His main research interests concern “autonomous agents” and “multi-agent systems”, particularly “automated negotiation”. He is the main author of several articles published in conference proceedings and technical journals.
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Automated negotiation systems with software agents representing individuals or organizations and capable of reaching mutually beneficial agreements are becoming increasingly important and pervasive. Examples, to mention a few, include the business trend toward agent-based supply chain management, the industrial trend toward virtual enterprises, and the pivotal role that electronic commerce is increasingly assuming in many organizations.
Artificial intelligence researchers have investigated the design of autonomous computational agents with negotiation competence from two main perspectives: a theoretical or formal perspective and a practical or computational perspective. Researchers following the theoretical perspective attempt mainly to develop formal models of negotiation, i.e., models for describing, specifying, and reasoning about the key features of negotiating agents. By contrast, researchers following the practical perspective attempt mainly to develop computational models of negotiation, i.e., models for specifying the key data structures of the agents and the processes operating on these structures.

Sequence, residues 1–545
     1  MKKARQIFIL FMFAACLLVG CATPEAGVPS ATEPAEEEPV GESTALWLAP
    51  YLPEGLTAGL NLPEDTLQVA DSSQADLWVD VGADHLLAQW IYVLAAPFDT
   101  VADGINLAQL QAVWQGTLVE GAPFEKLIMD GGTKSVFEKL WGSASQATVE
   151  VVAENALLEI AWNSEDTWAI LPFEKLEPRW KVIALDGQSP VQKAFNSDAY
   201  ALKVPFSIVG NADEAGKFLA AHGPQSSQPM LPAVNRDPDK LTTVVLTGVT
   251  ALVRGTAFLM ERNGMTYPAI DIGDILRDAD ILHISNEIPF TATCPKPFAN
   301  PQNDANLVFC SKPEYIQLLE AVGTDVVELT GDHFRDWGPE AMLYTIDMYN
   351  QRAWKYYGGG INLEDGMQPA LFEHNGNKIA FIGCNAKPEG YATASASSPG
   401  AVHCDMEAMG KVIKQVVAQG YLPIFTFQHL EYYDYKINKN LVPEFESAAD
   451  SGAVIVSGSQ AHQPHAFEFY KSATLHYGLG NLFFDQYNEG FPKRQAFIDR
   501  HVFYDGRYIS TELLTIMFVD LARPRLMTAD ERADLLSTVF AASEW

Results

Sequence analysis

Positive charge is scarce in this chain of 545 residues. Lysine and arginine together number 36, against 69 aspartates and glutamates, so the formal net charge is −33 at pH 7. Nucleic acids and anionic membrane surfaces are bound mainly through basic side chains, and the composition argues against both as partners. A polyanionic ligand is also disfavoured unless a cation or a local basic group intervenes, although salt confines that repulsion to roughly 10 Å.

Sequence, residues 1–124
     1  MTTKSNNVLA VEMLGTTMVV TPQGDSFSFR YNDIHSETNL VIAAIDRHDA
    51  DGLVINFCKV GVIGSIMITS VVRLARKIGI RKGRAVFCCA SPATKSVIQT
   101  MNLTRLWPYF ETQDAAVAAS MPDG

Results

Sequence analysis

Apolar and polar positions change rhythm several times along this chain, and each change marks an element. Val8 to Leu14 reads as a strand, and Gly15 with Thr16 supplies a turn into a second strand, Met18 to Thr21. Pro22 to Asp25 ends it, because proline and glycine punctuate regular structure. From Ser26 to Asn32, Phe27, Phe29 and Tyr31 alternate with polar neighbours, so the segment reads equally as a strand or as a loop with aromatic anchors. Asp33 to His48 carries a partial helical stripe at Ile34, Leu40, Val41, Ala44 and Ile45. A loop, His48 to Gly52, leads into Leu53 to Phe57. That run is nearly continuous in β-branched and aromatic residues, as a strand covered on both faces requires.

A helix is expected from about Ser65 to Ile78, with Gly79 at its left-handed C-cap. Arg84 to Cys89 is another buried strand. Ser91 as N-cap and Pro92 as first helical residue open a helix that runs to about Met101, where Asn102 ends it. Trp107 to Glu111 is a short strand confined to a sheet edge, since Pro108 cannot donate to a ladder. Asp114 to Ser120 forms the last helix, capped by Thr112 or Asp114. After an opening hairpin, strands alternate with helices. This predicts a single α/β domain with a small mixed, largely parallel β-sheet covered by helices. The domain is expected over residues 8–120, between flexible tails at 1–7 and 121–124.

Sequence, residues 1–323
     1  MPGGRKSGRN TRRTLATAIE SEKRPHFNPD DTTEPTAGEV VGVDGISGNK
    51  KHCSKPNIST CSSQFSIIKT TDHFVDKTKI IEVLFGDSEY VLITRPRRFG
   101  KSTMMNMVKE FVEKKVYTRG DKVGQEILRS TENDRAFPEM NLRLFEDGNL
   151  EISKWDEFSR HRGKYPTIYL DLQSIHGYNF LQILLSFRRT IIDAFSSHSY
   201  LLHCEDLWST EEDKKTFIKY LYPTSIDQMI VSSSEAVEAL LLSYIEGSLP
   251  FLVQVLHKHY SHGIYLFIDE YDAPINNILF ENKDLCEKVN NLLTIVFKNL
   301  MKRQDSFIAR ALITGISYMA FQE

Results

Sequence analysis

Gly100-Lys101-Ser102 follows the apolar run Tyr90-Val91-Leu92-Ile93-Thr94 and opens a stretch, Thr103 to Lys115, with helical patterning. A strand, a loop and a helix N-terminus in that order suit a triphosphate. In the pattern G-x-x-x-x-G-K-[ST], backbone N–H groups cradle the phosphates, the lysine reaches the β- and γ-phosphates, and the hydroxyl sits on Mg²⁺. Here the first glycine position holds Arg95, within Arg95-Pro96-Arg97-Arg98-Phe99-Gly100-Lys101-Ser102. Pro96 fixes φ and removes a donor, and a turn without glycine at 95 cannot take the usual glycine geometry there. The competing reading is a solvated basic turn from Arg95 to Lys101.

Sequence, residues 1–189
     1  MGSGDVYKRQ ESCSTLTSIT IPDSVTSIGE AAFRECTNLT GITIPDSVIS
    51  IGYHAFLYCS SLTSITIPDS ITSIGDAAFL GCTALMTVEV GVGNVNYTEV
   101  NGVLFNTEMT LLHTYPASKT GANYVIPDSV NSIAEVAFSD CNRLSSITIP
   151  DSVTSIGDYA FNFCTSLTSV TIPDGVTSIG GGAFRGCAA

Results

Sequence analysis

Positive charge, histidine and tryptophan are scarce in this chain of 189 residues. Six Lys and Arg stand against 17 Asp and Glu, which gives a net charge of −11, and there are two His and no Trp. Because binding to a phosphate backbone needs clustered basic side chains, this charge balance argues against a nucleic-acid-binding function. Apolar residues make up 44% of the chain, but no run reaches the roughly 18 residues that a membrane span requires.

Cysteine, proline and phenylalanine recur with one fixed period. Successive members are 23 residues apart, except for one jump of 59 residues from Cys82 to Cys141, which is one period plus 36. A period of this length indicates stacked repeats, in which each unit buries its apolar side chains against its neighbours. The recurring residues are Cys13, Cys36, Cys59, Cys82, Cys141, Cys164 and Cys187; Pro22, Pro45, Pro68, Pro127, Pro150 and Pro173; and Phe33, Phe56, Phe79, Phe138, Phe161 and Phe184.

The majority of formal and computational models primarily focus on the problem-solving phase of negotiation. Most models mainly address the issues associated with the design of negotiation protocols and negotiation strategies. Few models account for systematic preparation and planning for negotiation and manage “difficult” negotiations that can end in impasse. Against this background, this presentation describes:
Furthermore, for the bilateral multi-issue bargaining game of alternating offers, in which the parties have different evaluations of the issues, we describe equilibrium strategies for different negotiation situations. The strategies are formalized by computationally tractable functions, which means that agents are able to compute them in a reasonable amount of time. The outcome is Pareto optimal and reached with no delay.
Finally, we describe an experiment conducted to: (i) assess the feasibility of building agents equipped with the pre-negotiation model and the impasse avoidance procedure, and (ii) empirically evaluate the core elements of the agents, particularly the impasse avoidance procedure. The experimental results shown the importance of the procedure in managing "difficult" negotiations.
Team work with Mike Wooldridge and S. Fatima, Dep. of Comp. Science, Univ. of Liverpool.